Vaccination?

Count me in.

About us

“Choose life over lockdown” is a joint campaign organised by the commercial property sector and supports the Federal Government’s “Together against Coronavirus” initiative. The aim is to increase people’s willingness to get vaccinated against COVID-19 in Germany. We want to inform people in Germany about the vaccines and motivate them to get vaccinated.

 

In addition, we want to provide space for vaccination services at selected locations. Because the more people who get vaccinated, the faster we can return to normality.

About us

“Choose life over lockdown” is a joint campaign organised by the commercial property sector and supports the Federal Government’s “Together against Coronavirus” initiative. The aim is to increase people’s willingness to get vaccinated against COVID-19 in Germany. We want to inform people in Germany about the vaccines and motivate them to get vaccinated.

 

In addition, we want to provide space for vaccination services at selected locations. Because the more people who get vaccinated, the faster we can return to normality.

A campaign by

With support from

Why are vaccines so important?

The novel coronavirus is highly contagious and can result in serious illnesses known as COVID-19. Because the virus is new, many infected people do not have any defences against it yet and will therefore fall ill.

Coronavirus vaccines can prevent many such infections and subsequent periods of illness. For example, in the case of the vaccine developed by BioNTech/Pfizer, it has been calculated that out of 100 vaccinated individuals, only about 5 will fall ill with COVID-19. This means that vaccinated individuals are very unlikely to get sick if they are exposed to the coronavirus – a fact that has already been confirmed by research findings. However, we don’t yet know how long the vaccines’ protective effects will last. Therefore, you must continue to observe all social-distancing and hygiene rules even after vaccination!

 

However, vaccination not only protects the vaccinated people themselves, but also other people in their vicinity. This is because fully vaccinated people only transmit the coronavirus in very rare cases.

Which vaccines are available?

In Germany, the available vaccines are those from BioNTech/Pfizer, Moderna, Johnson & Johnson and AstraZeneca. All have been extensively tested and are highly effective against the coronavirus.

All of these vaccines are based on antigens. These are small molecular structures that are also found on the surface of the coronavirus itself. When we are vaccinated, the antigens trigger a protective response from our immune system. This protective reaction is “memorised” by our bodies and triggered once again upon contact with the coronavirus.

 

Did you experience any discomfort or adverse symptoms after being vaccinated? Or have you heard other people saying that they felt poorly afterwards? This is not a side effect, it’s actually a good sign! It shows that the immune system has started working to build up a protective reaction to a coronavirus infection.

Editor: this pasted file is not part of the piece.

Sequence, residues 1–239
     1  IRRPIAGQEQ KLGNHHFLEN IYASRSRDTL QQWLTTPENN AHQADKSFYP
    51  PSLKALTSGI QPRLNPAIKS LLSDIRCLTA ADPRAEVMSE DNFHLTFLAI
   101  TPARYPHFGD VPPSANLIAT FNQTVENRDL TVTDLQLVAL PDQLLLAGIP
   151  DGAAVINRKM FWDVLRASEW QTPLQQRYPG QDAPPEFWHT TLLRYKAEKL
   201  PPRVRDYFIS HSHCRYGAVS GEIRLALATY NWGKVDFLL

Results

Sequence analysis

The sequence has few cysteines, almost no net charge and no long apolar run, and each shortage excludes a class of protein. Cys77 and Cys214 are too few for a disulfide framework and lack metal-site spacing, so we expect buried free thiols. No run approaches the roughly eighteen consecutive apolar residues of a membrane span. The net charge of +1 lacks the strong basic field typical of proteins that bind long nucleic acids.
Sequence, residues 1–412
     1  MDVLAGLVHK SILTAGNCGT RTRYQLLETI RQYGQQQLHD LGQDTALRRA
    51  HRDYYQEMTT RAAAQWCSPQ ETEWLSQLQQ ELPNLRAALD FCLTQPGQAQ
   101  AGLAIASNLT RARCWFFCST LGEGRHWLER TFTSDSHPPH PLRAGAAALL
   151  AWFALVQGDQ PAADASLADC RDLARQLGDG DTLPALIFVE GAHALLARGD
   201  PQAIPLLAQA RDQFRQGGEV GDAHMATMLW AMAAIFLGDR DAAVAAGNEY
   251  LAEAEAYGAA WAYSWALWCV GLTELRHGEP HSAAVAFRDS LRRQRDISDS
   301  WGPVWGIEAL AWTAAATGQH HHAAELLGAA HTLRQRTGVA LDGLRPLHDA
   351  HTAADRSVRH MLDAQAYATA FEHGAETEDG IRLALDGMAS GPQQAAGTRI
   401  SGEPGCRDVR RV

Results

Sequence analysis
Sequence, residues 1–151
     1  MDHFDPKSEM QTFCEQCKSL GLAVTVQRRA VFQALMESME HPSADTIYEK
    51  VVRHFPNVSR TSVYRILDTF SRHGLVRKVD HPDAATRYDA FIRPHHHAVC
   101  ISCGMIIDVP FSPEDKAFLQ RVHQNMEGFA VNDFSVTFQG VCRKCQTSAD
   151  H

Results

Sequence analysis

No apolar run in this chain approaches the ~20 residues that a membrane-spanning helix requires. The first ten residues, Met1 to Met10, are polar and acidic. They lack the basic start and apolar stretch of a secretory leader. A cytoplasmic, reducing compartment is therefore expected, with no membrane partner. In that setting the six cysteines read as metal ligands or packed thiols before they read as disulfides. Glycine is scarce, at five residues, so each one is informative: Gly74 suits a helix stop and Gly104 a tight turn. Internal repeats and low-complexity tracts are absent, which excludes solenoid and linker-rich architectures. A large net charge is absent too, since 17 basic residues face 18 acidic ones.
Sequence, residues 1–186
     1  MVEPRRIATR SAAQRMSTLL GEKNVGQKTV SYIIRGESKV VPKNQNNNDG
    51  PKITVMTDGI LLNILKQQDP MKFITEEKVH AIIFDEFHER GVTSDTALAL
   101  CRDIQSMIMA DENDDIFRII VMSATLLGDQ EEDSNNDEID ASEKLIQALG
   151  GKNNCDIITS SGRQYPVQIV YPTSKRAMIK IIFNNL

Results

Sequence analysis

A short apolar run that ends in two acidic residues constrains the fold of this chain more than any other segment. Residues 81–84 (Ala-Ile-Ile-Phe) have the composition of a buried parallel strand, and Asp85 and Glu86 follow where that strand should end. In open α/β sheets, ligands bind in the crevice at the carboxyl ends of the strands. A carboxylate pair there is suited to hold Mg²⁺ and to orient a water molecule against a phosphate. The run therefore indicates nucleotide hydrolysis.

GET VACCINATED!

You can get your vaccine directly from a doctor or at a vaccination centre. Mobile vaccination stations are also being set up in an increasing number of towns and cities.

Fact check: Fake news about vaccines

We answer questions about vaccination myths and conspiracy theories

There is no discernible risk of mRNA being integrated into the human genome. In humans, the genome is located in the form of DNA in the cell nucleus.. An integration of RNA into DNA DNA is not possible at all, largely due to differences in their chemical structure. There is also no evidence that the mRNA incorporated into the body’s cells after vaccination is transcribed into DNA.

(Source: RKI, date: 21/07/2021)

The vaccines were rigorously tested before being approved. There is no evidence that women could become infertile after vaccination.

A rumour was spread via social media that coronavirus vaccines can make people infertile because the spike proteins on the surface of the coronavirus are similar to the protein Syncytin-1, which is responsible for the formation of the placenta.

 

Based on this fact, some people leapt to the following conclusion: if a vaccinated woman’s immune system develops antibodies against the spike protein on the coronavirus, they will also attack the syncytin-1 protein and thus impair the formation of a placenta. However, as the similarity between the two proteins is in reality minimal, a cross-reaction to the COVID-19 vaccine can be ruled out.

 

(Source: RKI, date: 19/07/2021)

Despite the fact that the quantity of useful antibodies decreases after a few months following vaccination, the body of a vaccinated person can still generate a protective immune response after this time. This is because vaccines not only stimulate the production of antibodies, but also train the immune cells to recognise and destroy cells infected with coronavirus.

 

Even though these vaccines have been approved, their manufacturers are still conducting ongoing research to establish the degree of long-term protection they provide.

 

(Source: RKI, date: 02/06/2021)